P R O D U C T I O N :

  1. Conversion

  2. Fermentation

  3. Distilation

  4. Filtration

  5. Dehydratation

Pitching the Yeast
Yeast dosage is dependant on sugar content and percent of alcohol we wish to ferment to. Fermentation severely slows past 14 since alcohol denatures the zymase enzyme. However, some yeasts can ferment up to 21 Things like sugar and molasses are not very nutrient rich and may require additional yeast nutrients.

Temperature Control
Temperature of the boiler or fermentation vessel (which ever you are using) is best kept at 70F. One method is to first ice the mash after liquefaction. A cooling coil can also be used. Some yeast strains are very temperature tolerant, some are not. For the most part, past 85F, fermentation will cease.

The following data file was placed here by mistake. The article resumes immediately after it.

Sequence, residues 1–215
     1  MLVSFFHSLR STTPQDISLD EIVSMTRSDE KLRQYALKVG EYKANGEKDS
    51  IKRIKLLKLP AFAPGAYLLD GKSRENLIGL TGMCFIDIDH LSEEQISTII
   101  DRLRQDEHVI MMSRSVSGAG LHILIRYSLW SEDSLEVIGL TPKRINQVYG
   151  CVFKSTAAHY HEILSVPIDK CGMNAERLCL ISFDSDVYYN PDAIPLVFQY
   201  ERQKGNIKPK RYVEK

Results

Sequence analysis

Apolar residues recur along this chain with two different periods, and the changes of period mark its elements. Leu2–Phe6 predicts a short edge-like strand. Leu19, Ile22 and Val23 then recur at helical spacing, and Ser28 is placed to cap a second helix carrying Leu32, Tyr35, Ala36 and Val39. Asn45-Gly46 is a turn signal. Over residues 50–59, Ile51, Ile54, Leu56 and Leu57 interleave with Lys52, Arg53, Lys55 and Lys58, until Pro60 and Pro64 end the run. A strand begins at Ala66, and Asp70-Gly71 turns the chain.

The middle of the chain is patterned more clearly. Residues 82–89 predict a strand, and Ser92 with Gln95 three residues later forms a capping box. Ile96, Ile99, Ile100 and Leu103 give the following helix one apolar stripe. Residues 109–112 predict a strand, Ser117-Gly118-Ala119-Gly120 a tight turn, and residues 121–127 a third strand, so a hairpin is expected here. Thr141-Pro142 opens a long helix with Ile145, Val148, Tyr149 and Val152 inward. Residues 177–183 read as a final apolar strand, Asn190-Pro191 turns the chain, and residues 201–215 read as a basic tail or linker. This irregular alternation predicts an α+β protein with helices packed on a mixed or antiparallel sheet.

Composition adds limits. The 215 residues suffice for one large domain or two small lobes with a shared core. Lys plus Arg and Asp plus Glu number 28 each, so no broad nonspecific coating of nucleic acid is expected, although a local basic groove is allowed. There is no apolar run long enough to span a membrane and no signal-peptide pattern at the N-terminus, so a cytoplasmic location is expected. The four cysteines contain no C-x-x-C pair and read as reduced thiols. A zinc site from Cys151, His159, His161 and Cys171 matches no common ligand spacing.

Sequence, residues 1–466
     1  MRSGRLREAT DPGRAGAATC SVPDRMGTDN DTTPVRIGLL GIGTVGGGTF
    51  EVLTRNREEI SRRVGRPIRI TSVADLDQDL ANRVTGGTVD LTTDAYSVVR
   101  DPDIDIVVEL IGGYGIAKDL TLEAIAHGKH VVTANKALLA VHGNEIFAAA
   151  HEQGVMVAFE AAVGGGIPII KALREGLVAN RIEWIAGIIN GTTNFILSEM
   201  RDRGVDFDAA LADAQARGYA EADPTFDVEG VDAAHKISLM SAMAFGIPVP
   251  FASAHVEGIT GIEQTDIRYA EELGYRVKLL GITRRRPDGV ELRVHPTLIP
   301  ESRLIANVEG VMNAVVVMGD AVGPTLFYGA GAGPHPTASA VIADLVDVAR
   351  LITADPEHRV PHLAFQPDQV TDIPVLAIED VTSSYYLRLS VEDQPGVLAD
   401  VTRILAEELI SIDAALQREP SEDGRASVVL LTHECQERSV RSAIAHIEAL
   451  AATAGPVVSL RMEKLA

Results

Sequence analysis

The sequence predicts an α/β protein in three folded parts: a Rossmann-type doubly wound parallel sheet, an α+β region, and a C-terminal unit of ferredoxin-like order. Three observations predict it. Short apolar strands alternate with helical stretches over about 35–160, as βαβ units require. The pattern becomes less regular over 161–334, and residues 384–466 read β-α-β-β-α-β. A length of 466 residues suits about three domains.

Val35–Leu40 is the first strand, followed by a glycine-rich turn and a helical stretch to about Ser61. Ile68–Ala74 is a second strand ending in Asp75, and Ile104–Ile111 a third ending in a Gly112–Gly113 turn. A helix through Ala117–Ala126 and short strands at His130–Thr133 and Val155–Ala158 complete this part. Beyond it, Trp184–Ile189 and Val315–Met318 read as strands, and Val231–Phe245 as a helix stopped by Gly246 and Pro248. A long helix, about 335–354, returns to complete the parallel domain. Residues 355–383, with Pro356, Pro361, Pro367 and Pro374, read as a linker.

Air Locking and Fermentation Traps
Yeast has two methods of metabolism. When oxygen is present, sugar is consumed and yeast divides. This is a good way of getting our yeast started, but a very bad way of producing alcohol. The best way is to seal the fermenter and run a hose from the top of the fermener into a vessel of water. This way carbon dioxide bubbles up through the water, but no air is able to enter the vessel. The same bucket can be used for cooling reservoir and air locking.

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